Steroids Ineffective for Chest Infections in Patients Without Lung Diseases
Common treatment for acute chest infections called into question.
Oral steroids may not be the best treatment option for patients with lower respiratory tract infections who do not have asthma or other lung diseases, according to an article published by JAMA.
"Chest infections are one of the most common problems in primary care and often treated inappropriately with antibiotics,” said lead author Alastair Hay, MD. “Corticosteroids, like prednisolone, are increasingly being used to try to reduce the symptoms of chest infections, but without sufficient evidence.”
The authors found that steroids were not able to reduce symptoms among patients without other lung conditions, such as asthma.
Included in the study were 398 non-asthmatic patients with acute chest infections, excluding pneumonia, who did not require immediate antibiotic treatment. Patients were randomized to receive 40-mg of prednisolone or a placebo for 5 days.
"Oral and inhaled steroids are known to be highly effective in treating acute asthma as well as infective flares of other long-term lung conditions but need to be used carefully because of the risk of unwanted side effects,” said study co-author Mike Moore, BM, BS, MRCP, FRCGP. “We chose to test the effect of steroids for chest infections as some of the symptoms of chest infections, such as shortness of breath, wheeze and cough with phlegm, overlap with acute asthma.”
The authors discovered that duration of cough or the severity of other symptoms were not reduced within 2 to 4 days of treatment among patients administered prednisolone compared with placebo, according to the study.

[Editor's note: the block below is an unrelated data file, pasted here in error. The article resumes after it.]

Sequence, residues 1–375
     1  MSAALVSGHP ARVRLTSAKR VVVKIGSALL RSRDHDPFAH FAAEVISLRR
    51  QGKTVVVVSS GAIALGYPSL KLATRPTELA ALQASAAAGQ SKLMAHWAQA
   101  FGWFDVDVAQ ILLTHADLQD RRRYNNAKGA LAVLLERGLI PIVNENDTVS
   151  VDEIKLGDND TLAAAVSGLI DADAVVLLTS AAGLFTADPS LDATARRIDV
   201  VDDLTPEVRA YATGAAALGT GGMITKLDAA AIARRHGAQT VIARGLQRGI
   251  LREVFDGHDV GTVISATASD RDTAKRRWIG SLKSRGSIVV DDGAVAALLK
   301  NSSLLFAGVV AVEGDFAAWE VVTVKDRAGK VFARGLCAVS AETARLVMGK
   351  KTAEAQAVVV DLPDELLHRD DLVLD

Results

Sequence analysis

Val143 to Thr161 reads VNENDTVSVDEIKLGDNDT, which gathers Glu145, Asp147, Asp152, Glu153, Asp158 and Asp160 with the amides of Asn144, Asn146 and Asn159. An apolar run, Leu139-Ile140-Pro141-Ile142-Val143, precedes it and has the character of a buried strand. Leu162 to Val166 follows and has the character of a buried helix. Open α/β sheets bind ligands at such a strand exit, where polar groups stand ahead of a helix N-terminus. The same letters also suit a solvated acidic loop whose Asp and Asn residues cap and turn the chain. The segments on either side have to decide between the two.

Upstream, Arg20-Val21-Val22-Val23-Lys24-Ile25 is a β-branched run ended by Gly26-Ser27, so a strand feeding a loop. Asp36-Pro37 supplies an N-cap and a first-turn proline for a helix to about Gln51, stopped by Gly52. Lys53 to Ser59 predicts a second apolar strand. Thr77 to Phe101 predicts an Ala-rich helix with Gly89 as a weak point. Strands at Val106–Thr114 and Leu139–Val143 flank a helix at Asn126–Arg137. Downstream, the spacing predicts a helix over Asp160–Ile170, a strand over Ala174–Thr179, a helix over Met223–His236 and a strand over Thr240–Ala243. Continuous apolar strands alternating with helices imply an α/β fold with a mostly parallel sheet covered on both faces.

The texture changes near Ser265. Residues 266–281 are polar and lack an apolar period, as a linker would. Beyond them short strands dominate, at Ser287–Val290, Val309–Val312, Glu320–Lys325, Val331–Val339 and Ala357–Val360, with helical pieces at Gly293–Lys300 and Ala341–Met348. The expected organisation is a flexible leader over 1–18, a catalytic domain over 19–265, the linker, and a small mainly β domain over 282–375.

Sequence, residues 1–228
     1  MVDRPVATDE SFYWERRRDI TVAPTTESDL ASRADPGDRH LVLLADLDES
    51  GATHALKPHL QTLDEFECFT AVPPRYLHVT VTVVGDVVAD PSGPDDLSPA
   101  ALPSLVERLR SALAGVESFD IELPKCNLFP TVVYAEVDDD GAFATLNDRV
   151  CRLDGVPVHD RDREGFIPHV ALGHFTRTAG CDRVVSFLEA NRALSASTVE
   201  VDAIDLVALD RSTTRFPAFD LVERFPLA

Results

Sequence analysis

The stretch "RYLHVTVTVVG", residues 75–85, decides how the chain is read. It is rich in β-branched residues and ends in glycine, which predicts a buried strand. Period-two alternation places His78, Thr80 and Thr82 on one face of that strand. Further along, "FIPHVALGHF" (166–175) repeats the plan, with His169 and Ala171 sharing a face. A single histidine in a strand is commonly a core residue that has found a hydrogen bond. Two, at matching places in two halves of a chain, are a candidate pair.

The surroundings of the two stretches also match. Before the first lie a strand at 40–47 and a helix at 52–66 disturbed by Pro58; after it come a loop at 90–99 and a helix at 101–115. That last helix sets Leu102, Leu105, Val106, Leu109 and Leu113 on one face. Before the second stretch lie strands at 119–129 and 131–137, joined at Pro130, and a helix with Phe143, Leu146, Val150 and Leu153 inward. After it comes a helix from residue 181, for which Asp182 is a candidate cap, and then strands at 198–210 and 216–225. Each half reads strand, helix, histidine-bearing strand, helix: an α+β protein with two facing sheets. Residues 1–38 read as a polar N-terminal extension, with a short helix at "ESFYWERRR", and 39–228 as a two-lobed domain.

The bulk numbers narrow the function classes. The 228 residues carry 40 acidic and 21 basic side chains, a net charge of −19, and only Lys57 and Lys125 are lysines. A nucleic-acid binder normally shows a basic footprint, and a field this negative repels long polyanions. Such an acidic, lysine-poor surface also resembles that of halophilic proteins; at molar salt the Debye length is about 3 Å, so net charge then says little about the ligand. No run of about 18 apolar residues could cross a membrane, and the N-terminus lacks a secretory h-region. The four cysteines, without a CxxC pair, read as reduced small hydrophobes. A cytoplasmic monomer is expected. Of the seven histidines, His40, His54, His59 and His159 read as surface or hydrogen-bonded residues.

Since this time period is associated with the strongest symptoms, the authors believe that steroids may not be the most effective approach for treating non-asthmatic patients with chest infections.
“Our study does not support the continued use of steroids as they do not have a clinically useful effect on symptom duration or severity. We would not recommend their use for this group of patients,” Dr Hay said.
Many patients with chest infections are treated unnecessarily with antibiotics, according to the authors. Despite the lack of evidence, the use of steroids among this population has become increasingly popular.
These findings suggest that steroids may also not be an effective treatment for non-asthmatic patients with acute chest infections, according to the study.
“Among adults without asthma who developed acute lower respiratory tract infection, the use of oral prednisolone for 5 days did not reduce symptom duration or severity,” the authors concluded. “These findings do not support oral steroids for treatment of acute lower respiratory tract infection in the absence of asthma.”